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Epilepsia. 2019 Apr 13. doi: 10.1111/epi.14728. [Epub ahead of print]

Randomized controlled trial of motivational interviewing for psychogenic nonepileptic seizures.

Author information

1
Department of Neurology, Comprehensive Epilepsy Center, Yale University School of Medicine, New Haven, Connecticut.
2
Epilepsy Center of Excellence, Neurology Service, Veterans Administration Connecticut Healthcare System, West Haven, Connecticut.
3
Department of Neurology, Brigham and Women's Hospital, Harvard Medical School, Boston, Massachusetts.
4
Department of Psychiatry, Brigham and Women's Hospital, Harvard Medical School, Boston, Massachusetts.
5
Department of Psychiatry, Yale University School of Medicine, New Haven, Connecticut.
6
Psychology Service, Veterans Administration Connecticut Healthcare System, West Haven, Connecticut.

Abstract

OBJECTIVE:

We conducted a randomized controlled trial of motivational interviewing (MI) as an intervention to improve psychotherapy adherence and outcomes, including frequency of psychogenic nonepileptic seizures (PNES), quality of life, and emergency department utilization, among participants with PNES.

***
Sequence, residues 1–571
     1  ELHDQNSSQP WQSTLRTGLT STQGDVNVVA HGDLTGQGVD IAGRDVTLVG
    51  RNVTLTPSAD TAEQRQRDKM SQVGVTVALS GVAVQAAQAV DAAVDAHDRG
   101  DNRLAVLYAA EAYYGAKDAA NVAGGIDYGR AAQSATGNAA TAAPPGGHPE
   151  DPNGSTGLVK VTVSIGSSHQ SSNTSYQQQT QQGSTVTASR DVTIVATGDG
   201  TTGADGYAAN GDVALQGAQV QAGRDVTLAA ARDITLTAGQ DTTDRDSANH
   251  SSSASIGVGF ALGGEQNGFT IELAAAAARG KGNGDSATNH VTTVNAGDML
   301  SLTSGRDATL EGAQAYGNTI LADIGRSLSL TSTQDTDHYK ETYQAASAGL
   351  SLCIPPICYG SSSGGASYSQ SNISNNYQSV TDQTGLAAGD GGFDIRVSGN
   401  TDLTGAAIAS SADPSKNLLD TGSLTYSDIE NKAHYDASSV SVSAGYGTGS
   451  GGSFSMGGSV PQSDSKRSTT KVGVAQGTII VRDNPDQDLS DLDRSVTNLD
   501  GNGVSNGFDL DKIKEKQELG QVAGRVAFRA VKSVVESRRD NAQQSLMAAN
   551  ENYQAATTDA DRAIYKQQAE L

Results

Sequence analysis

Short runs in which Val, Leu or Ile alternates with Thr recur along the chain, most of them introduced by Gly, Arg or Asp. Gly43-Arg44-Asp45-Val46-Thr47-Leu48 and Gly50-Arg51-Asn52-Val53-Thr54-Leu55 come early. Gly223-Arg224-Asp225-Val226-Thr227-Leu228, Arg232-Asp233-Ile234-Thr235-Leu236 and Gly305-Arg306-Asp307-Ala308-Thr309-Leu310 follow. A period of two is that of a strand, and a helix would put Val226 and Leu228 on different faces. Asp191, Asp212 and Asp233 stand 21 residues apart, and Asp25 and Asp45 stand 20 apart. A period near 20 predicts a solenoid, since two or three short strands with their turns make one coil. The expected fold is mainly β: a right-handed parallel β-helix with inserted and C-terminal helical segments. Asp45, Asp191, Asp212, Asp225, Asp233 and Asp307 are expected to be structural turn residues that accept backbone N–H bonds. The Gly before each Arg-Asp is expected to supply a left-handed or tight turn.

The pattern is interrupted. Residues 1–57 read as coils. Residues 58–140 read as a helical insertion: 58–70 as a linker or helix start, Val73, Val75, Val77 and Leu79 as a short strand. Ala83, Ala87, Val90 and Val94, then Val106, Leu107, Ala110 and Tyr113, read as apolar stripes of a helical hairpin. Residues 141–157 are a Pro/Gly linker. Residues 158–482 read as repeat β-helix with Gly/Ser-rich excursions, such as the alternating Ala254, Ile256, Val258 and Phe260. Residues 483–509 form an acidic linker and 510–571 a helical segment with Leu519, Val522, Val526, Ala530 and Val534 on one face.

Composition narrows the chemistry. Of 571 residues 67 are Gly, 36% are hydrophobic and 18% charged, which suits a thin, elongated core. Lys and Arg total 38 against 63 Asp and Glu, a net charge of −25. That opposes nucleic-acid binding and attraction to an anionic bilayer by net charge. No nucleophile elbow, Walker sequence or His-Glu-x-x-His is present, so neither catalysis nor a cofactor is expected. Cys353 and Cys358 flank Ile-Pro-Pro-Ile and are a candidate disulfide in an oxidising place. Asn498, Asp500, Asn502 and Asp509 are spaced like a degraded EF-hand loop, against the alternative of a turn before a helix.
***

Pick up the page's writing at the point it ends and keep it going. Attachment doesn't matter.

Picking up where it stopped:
METHODS:

Sixty participants were randomized to receive either psychotherapy alone or MI plus psychotherapy. Participants and therapists were contacted at 16-week follow-up. Participants were considered adherent with psychotherapy if they attended at least eight sessions within 16 weeks following referral.

RESULTS:

Among control participants, 31.0% were adherent, whereas among MI participants, 65.4% were adherent (P = 0.015, absolute risk reduction = 34.4%, number needed to treat = 2.9). In the control arm, PNES frequency decreased by 34.8% (standard deviation [SD] = 89.7%), whereas in the MI arm, PNES frequency decreased by 76.2% (SD = 39.2%; P = 0.034, Cohen's d = 0.59). Among control participants, 10.7% achieved PNES freedom versus 30.8% of MI participants (P = 0.095). Quality of Life in Epilepsy-10 scores (a 40-point scale) improved by an average of 1.8 (SD = 7.9) points among control participants, and by 7.2 (SD = 10.0) points among MI participants (P = 0.047, Cohen's d = 0.60). Monthly emergency department visits increased by 0.06 (SD = 0.47) visits per month among control participants versus a decrease of 0.15 (SD = 0.76) among MI participants (P = 0.23).

SIGNIFICANCE:

Motivational interviewing improved treatment adherence, PNES frequency, and quality of life among our participants with PNES. Our study is limited in that it was conducted at a single quaternary care medical center, and MI was provided by a single neurologist, which may limit generalization of results.

KEYWORDS:

adherence; clinical trial; functional neurological disorder; implementation science; motivational interviewing; psychogenic nonepileptic seizures

PMID:
30980679
DOI:
10.1111/epi.14728

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